Community leaders hope to keep a proposed light rail line in western Queens on track

Photo via Wikimedia Commons

Does a proposed light rail line for western Queens have a chance at becoming a reality? Those in attendance at a special meeting in Glendale last week about the plan seem to believe it can.

More than 20 community stakeholders attended the meeting at Councilwoman Elizabeth Crowley’s district office in The Shops at Atlas Park to hear the first public stakeholder outreach presentation by the Department of Transportation (DOT) regarding Crowley’s light rail proposal.


Since announcing her proposal over a year ago for a light rail system that would run on the Long Island Rail Road’s (LIRR) Lower Montauk Branch from Jamaica to Long Island City — dubbed the QNS Light Rail plan (no affiliation with this website) — Crowley has received support from major players in the area. They include local residents, the surrounding community boards — including Community Board 5 — the entire City Council Queens delegation, local state elected officials, Borough President Melinda Katz and Congresswoman Grace Meng.

“This meeting marked a pivotal step in the process of making the QNS Light Rail a reality,” Crowley said. “Our borough is growing faster than city planners could have ever accounted for, and we need infrastructure that supports that growth. Light rail would bring reliable public transit to transportation deserts, get countless cars off the road, boost our economy and help the environment.”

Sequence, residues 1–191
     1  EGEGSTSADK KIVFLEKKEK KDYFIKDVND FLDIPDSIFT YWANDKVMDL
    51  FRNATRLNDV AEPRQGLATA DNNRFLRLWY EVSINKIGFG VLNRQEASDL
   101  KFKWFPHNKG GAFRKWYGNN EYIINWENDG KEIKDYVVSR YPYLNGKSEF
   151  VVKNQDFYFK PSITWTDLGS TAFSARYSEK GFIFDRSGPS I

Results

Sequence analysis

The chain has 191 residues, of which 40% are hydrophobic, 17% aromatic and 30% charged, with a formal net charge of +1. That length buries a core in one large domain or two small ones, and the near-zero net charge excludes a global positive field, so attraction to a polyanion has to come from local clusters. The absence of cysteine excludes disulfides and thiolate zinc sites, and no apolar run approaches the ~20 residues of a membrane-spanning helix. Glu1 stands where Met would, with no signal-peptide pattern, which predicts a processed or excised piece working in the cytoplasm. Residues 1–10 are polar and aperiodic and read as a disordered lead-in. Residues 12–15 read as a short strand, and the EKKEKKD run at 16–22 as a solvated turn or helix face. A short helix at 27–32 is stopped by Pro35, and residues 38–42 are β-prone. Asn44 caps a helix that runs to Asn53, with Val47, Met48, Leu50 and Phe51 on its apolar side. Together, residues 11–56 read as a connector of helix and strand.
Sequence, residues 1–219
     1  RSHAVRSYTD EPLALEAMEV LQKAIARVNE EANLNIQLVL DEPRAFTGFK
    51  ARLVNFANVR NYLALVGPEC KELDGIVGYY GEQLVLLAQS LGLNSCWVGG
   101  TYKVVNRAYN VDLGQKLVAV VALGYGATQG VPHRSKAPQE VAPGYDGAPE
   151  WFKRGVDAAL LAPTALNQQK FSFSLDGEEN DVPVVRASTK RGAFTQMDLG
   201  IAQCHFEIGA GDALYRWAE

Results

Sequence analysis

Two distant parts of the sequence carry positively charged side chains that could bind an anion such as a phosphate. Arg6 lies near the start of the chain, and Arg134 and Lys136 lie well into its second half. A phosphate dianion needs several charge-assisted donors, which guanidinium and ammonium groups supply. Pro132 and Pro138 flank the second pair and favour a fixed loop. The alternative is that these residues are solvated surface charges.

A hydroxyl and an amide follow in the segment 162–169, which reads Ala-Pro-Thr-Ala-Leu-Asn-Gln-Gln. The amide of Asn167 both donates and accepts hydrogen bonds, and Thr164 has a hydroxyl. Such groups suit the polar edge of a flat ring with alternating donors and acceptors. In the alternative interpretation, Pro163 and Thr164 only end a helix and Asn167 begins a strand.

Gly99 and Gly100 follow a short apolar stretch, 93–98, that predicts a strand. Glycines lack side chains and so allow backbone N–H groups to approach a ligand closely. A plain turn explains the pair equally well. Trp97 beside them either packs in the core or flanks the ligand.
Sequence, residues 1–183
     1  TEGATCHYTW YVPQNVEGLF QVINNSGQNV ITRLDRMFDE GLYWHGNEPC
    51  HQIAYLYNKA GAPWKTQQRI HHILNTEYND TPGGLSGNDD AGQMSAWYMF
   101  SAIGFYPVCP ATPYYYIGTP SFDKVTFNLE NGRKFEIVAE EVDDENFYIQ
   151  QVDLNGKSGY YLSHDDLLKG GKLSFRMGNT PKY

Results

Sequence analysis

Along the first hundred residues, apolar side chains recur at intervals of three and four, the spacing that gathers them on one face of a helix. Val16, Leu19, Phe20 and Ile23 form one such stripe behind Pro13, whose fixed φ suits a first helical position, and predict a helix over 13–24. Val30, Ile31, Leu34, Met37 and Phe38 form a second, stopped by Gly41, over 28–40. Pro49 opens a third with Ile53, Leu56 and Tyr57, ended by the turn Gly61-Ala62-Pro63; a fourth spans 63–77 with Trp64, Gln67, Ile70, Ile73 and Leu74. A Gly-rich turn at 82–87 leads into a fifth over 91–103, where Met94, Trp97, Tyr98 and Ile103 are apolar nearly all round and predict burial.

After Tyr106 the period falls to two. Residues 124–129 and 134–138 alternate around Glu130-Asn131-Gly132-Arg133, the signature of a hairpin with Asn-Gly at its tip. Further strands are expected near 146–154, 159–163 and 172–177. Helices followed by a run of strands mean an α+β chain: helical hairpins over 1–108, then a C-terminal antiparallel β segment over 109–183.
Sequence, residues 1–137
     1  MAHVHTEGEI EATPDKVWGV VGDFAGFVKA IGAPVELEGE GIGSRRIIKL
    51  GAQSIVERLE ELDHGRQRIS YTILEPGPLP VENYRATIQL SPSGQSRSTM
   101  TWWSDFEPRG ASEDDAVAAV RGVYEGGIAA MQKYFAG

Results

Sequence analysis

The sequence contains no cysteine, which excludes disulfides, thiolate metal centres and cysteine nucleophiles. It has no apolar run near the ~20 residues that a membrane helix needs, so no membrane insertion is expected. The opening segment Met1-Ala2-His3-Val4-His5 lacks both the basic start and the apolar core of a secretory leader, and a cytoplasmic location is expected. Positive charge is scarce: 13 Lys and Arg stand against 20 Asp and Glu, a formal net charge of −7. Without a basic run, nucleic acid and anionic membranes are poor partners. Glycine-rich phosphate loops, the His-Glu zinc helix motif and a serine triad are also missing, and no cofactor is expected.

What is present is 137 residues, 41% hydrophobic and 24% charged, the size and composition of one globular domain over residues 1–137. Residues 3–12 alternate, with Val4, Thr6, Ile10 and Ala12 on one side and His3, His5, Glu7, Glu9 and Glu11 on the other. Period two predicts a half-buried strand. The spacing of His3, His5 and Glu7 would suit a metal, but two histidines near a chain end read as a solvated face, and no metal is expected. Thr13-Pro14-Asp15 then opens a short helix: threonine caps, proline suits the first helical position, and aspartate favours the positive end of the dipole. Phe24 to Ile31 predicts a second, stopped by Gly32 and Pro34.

“Strong support within the community is what will keep this project alive. I’m happy we can all work together to make the Queens of tomorrow a successful and thriving borough,” she added.

Aside from the local and political support, Crowley was also able to get $500,000 in the 2017 city budget to fund a feasibility study of the 8.5 miles of track on which the light rail would run.

The study — which will be managed by the DOT and conducted by AECOM, an engineering, design, construction and management firm — will help determine the plan’s feasibility, including how much it will cost, logistics related to construction, connectivity to existing transit options, compatibility with existing freight use on the line, as well as potential ridership and station siting, along with rail and freight transport options, passenger service history, a corridor overview, the area context, at-grade crossings and local bus networks.

“Improving transit options in Queens means better access to jobs, shopping and services, and quicker routes to schools, home and loved ones,” said DOT Queens Borough Commissioner Nicole Garcia. “We thank Council member Crowley for her leadership and support, and for the opportunity to conduct this important feasibility study for commuter rail on the LIRR Lower Montauk Branch.”

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